Discontinuations due to treatment-emergent adverse events (TEAEs) occurred in 10.9% of the neratinib arm compared with 14.5% of the lapatinib arm. Beyond diarrhea, the other most common all-grade TEAEs for the neratinib arm were nausea (53% versus 42% in the lapatinib arm), vomiting (46% vs 31%, respectively), hand-foot syndrome (46% vs 56%), decreased appetite (35% vs 22%), and fatigue (34% vs 31%).

The most common grade 3 TEAEs beyond diarrhea in the neratinib arm were hand-foot syndrome (10% versus 11% in the lapatinib arm), hypokalemia (5% vs 6%, respectively), nausea (4% vs 3%), vomiting (4% vs 2%), fatigue (3% each), neutropenia (3% vs 2%), asthenia (3% vs 2%), decreased appetite (3% vs 2%) and dehydration (2% each).

"Although there have been many new treatment options for patients with HER2-positive breast cancer, patients still need additional treatment options once they progress," Alan H. Auerbach, MD, chief executive officer and president of Puma, the developer of neratinib. “Based on the results of our NALA data, we believe Nerlynx could be a promising therapeutic opportunity for these patients.”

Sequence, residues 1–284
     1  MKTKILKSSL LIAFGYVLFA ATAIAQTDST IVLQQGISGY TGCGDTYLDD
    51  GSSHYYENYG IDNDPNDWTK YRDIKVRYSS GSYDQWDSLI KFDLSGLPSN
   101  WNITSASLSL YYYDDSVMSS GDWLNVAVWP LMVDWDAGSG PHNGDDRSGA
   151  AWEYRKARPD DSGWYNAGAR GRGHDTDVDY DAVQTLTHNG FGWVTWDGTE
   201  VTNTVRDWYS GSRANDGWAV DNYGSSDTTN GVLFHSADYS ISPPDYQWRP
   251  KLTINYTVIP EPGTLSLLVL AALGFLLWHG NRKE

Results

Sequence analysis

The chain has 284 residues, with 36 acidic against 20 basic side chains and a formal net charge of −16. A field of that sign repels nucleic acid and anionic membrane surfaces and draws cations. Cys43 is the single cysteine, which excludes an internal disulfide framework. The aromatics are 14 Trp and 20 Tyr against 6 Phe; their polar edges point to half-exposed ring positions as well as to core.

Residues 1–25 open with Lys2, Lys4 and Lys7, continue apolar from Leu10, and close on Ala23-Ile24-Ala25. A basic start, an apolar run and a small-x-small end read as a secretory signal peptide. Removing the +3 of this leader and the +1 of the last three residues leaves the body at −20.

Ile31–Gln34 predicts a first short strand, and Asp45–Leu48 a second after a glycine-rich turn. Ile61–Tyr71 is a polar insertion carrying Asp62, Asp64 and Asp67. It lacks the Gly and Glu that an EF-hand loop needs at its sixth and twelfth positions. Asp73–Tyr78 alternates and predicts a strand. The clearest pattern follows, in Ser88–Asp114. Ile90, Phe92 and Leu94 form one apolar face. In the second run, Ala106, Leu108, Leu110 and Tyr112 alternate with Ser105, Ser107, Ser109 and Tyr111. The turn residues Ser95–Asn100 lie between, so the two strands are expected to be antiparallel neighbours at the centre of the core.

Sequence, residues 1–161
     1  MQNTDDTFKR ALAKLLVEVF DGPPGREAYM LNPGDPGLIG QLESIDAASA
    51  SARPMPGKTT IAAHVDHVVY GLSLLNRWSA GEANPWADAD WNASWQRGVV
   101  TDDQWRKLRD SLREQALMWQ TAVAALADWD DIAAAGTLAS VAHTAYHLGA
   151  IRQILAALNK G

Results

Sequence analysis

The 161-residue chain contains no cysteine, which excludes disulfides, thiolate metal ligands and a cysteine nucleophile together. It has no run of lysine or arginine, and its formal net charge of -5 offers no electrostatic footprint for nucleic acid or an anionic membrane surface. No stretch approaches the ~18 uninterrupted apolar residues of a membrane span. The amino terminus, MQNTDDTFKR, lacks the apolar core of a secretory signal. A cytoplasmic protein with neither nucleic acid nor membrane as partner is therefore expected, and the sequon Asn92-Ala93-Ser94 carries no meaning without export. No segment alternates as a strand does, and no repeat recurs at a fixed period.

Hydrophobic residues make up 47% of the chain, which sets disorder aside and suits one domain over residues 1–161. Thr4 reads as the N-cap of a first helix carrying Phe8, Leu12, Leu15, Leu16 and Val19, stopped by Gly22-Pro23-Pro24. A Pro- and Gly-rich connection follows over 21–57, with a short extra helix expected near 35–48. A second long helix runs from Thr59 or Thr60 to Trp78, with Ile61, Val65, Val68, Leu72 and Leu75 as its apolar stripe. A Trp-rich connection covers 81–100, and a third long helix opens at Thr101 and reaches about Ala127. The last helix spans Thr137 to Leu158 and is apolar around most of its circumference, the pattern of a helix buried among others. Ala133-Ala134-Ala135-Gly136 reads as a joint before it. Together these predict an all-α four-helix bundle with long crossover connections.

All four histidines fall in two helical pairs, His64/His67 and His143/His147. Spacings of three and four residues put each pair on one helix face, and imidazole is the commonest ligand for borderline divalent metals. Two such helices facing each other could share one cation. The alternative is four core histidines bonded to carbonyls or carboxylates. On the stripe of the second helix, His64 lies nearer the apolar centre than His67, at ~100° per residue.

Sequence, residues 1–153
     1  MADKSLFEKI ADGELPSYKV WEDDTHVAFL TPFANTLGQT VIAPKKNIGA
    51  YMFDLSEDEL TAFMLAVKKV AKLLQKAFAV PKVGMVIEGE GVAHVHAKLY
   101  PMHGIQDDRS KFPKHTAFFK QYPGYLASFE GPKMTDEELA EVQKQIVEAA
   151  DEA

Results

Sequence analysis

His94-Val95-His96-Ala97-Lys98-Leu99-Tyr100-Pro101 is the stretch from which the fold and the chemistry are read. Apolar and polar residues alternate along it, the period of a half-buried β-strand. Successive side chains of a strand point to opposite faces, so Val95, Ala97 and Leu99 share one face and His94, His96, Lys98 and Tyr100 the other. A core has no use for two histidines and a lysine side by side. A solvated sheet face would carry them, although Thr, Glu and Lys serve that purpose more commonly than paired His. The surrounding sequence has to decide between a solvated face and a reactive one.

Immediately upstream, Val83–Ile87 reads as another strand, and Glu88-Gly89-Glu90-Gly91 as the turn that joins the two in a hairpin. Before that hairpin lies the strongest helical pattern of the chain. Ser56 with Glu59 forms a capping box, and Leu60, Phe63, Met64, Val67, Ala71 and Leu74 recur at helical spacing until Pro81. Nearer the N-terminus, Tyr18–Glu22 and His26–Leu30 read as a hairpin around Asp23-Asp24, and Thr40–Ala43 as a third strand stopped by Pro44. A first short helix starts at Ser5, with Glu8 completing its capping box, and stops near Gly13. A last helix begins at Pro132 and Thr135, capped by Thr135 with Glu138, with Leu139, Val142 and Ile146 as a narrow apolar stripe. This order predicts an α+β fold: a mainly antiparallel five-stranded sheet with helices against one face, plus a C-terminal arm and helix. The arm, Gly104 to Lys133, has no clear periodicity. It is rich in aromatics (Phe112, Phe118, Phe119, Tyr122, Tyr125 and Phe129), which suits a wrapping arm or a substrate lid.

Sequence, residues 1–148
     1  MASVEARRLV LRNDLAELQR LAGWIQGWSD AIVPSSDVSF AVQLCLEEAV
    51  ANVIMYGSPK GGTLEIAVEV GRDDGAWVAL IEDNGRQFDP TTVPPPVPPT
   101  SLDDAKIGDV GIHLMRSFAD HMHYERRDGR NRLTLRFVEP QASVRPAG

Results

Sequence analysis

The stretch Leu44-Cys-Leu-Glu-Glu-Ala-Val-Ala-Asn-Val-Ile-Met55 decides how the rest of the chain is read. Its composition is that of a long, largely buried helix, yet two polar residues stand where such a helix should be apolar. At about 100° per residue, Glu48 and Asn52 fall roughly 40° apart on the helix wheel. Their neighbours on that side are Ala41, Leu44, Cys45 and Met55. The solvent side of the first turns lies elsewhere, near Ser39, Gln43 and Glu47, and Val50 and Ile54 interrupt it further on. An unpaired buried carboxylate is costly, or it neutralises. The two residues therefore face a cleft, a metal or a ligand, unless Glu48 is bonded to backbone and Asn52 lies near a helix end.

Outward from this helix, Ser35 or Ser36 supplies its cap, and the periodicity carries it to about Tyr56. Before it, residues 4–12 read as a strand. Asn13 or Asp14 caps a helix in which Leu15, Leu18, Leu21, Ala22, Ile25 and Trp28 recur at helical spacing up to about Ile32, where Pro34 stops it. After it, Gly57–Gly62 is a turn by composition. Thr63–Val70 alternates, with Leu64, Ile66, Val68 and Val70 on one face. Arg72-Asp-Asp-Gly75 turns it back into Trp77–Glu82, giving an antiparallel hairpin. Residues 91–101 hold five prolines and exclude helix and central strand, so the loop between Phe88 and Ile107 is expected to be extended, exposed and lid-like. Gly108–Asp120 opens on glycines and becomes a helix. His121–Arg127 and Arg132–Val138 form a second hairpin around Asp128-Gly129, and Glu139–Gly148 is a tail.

Neratinib was initially indicated for the extended adjuvant treatment of adult patients with early-stage HER2-overexpressed/amplified breast cancer, following adjuvant trastuzumab-based therapy.
References
  1. Puma Biotechnology Receives U.S. FDA Approval of Supplemental New Drug Application for Neratinib to Treat HER2-Positive Metastatic Breast Cancer [news release]: Los Angeles, CA. Puma Biotechnology. Published February 27, 2019. https://bwnews.pr/2I02Xx8. Accessed February 27, 2019.
  2. Saura C, Oliveira M, Feng Y-H, et al. Neratinib + capecitabine versus lapatinib + capecitabine in patients with HER2+ metastatic breast cancer previously treated with ≥ 2 HER2-directed regimens: Findings from the multinational, randomized, phase III NALA trial. J Clin Oncol. 2019;37 (suppl; abstr 1002).